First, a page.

It's been kind of a staggering past two days for fast food news, so Kitchenette is bringing you a Weekend Fast Food Roundup. From Arby's jumping on the "artisan" craze to Dominos kids meals to a whole bunch of chains trying to go fancy, we've got the latest word from America's most ridiculous industry.
Arby's has decided to jump on the "everything must be artisan" hipster food craze by testing out a line of "artisan melts," pictured above, in Evansville, Indiana. Apparently, what makes them artisan is the fact that they have grill lines. These include the Reuben (which Arby's already has, I'd like to note), the Steak and Portobello, the Turkey, Avocado, and Bacon, and the Steak and Garlic toast sandwiches. Is anyone else suddenly reminded of a dog trying to wear a people tuxedo and attend a fancy ball?
Whatever, I still love Arby's — Popeye's is the only fast food chain I enjoy more. Hate on, haters.
Business Insider reports that Taco Bell isn't alone in its attempt to upscale a version of itself to appeal to...someone, I guess: a whole host of fast food chains are trying their adorably incompetent hands at fast casual experiments. These include KFC (aka "what you eat when they put a lock on the Applebee's dumpster") opening a restaurant called Super Chix in Texas featuring chicken sandwiches with "upscale toppings" (I have assume this means there's actual chicken in them somewhere) and "homemade croutons" (OOOH, HAUTE CUISINE), along with Sbarro opening Pizza Cucinova, a high-end pizza place with made-to-order pizza and alcohol. Apparently, Sbarro's already ludicrously-overpriced menu wasn't quite enough for them, but hey, when you can charge $15 per slice instead of $8, you gotta go with that.
These concepts are supposedly meant to appeal to Millennials, who Business Insider seems to think are "often wary of the ingredients in traditional fast food restaurants" which...WAT. I don't...WAT. My generation eats CRAZY amounts of fast food, not least because you assholes have so thoroughly fucked the economy and our financial standing that it's all we can afford.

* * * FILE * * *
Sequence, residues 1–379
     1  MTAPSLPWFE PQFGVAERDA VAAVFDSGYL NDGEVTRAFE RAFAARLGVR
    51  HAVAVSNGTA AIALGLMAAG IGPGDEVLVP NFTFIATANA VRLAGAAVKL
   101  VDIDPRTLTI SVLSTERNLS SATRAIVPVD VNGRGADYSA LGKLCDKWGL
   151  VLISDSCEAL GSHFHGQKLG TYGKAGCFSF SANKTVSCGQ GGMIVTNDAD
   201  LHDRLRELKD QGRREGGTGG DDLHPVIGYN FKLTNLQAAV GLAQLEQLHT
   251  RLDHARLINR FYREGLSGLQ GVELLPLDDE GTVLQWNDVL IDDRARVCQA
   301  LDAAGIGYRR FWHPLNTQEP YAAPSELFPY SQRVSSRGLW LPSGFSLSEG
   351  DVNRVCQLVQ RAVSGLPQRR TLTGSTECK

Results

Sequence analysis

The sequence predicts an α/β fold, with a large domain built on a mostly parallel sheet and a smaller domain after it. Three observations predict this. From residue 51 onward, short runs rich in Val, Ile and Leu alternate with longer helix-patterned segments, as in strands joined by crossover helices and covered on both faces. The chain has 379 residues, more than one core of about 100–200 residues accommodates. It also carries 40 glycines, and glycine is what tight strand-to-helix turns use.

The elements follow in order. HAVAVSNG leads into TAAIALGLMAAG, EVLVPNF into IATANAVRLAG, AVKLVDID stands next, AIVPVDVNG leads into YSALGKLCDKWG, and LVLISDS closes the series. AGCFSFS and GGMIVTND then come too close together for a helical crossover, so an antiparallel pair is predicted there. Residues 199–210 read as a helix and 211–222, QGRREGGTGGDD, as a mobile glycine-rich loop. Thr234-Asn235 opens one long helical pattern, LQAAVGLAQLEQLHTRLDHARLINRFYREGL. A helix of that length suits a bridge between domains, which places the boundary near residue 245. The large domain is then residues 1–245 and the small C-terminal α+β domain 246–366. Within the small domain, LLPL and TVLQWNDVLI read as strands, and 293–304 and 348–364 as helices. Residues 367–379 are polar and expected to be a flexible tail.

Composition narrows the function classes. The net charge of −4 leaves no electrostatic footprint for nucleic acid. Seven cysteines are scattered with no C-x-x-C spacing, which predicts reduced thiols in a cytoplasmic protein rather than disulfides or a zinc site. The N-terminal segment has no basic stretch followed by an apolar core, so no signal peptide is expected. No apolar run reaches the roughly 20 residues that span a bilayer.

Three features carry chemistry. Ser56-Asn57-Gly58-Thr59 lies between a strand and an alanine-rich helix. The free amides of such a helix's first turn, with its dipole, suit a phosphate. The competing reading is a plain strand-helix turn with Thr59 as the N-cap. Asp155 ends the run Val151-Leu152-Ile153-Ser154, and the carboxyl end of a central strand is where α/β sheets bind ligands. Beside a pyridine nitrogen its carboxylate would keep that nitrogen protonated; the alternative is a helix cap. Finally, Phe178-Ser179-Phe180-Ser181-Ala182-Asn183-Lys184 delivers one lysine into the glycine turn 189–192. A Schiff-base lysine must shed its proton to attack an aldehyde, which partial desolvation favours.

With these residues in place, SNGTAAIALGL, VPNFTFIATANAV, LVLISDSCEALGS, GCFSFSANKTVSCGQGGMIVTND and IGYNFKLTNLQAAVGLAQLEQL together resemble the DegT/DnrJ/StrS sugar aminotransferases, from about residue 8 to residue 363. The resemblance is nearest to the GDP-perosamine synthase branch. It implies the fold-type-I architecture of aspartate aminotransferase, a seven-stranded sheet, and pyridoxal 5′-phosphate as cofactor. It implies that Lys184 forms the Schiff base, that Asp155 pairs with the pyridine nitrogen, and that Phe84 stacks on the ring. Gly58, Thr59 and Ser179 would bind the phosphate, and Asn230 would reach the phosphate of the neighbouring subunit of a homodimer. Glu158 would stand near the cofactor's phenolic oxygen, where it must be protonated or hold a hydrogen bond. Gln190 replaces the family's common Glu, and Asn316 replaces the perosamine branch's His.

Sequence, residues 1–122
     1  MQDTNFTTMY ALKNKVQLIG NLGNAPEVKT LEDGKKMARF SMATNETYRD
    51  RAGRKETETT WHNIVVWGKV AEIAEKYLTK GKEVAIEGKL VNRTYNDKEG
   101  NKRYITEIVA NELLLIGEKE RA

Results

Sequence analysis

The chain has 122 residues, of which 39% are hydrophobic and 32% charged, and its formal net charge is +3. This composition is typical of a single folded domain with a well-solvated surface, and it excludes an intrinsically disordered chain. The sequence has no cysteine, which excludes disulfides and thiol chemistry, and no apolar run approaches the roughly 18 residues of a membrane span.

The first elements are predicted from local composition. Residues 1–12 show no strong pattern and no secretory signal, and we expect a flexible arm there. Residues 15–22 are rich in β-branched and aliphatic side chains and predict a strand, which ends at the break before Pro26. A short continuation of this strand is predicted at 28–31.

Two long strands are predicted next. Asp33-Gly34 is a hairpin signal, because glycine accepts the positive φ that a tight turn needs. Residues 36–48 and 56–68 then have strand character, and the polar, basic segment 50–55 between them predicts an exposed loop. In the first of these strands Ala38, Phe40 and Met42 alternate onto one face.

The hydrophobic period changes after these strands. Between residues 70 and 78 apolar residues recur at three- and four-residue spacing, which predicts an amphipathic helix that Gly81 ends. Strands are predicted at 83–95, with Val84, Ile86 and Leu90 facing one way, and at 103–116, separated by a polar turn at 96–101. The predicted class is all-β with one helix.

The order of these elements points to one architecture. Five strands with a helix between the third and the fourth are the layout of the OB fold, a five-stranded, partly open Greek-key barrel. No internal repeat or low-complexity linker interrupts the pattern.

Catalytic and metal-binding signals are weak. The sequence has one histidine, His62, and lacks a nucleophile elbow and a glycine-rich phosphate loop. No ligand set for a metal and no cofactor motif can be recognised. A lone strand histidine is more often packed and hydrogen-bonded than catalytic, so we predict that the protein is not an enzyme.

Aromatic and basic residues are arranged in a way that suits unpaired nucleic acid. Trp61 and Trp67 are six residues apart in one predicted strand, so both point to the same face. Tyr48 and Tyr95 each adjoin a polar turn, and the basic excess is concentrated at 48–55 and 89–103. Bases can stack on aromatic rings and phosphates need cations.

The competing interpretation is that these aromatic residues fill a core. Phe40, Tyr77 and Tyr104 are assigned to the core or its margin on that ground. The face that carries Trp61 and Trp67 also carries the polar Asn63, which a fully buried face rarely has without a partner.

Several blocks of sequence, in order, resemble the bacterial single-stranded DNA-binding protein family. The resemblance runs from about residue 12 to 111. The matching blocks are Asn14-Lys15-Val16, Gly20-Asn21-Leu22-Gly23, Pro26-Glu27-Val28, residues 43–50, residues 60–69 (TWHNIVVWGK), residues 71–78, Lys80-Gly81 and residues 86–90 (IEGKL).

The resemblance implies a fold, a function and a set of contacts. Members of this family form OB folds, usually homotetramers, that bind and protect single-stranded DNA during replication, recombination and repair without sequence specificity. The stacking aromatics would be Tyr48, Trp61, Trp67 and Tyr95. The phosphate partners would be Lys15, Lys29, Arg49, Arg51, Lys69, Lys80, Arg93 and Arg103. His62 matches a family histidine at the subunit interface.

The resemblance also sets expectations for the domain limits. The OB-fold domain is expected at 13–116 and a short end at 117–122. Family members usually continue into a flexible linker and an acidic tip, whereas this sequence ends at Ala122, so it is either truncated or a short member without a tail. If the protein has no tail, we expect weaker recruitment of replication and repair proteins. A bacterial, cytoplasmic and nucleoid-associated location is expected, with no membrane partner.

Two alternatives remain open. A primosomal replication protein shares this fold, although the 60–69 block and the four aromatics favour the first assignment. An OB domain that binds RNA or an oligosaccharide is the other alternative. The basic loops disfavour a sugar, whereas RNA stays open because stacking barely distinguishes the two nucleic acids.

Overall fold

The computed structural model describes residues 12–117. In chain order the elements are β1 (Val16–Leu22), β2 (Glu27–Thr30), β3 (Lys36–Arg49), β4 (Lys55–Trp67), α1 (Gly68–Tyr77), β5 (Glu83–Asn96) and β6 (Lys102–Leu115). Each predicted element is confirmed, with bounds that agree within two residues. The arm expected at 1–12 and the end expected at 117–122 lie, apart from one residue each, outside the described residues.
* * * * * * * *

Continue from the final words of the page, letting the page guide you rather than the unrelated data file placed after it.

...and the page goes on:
In the wake of Taco Bell's meat revelation, a host of other fast food places are tripping over each other to reveal what's in their chicken — I guess because they figured now that the cat's out of the bag with Taco Bell, the American public's famously discerning eye was about to turn on them? Spoiler alert: it's the exact same shit as Taco Bell, basically. Sodium Phosphates in everything, vegetable oil, dextrose...seriously, it's like watching the maker of a super-secret PB&J sandwich reveal that the secret ingredient is jelly. You're not...I'm not sure what your game is here, guys.
Domino's India is set to roll out kids' meals in an apparent attempt to rival McDonald's Happy Meals. You know, because kids famously don't love regular pizza. They're calling them "Junior's Joyboxes," and if you don't think I immediately burst out laughing when I read that, welcome to Kitchenette, because you must be new here.
Who knows? Maybe it'll work so well in India that they'll bring it to the American market, at which point I will make more jokes at Domino's expense than when I discovered that the online pizza tracker features heavy metal and romance novel sub-themes (seriously).
Last, but certainly not least, we have the fact that a new report indicates that Subway is by far the worst offender in the fast food industry at completely screwing over its employees, resulting in over 1100 Department of Labor investigations into the company from 2000 to 2013. Over that time, Subway has had to reimburse its workers for over $3.8 million — pocket change for the company, but certainly not for its employees, considering that the vast majority of them make minimum wage.
Granted, the company can distance itself from the issue by claiming that it's entirely the fault of franchisees, but that's still a higher per-restaurant number of violations than second and third place finishers in the 200-Meter Douche Marathon: McDonald's (SURPRISE SURPRISE) and Dunkin' Donuts. This holds true even when you take into account that Subway has more locations than either of those brands. The whole thing is a fascinating read that basically makes clear what we've already known: fast food companies are getting away with horrendously screwing their employees, and the American public doesn't really seem to care much about it, because we're fucking morons. GOOD TIMES!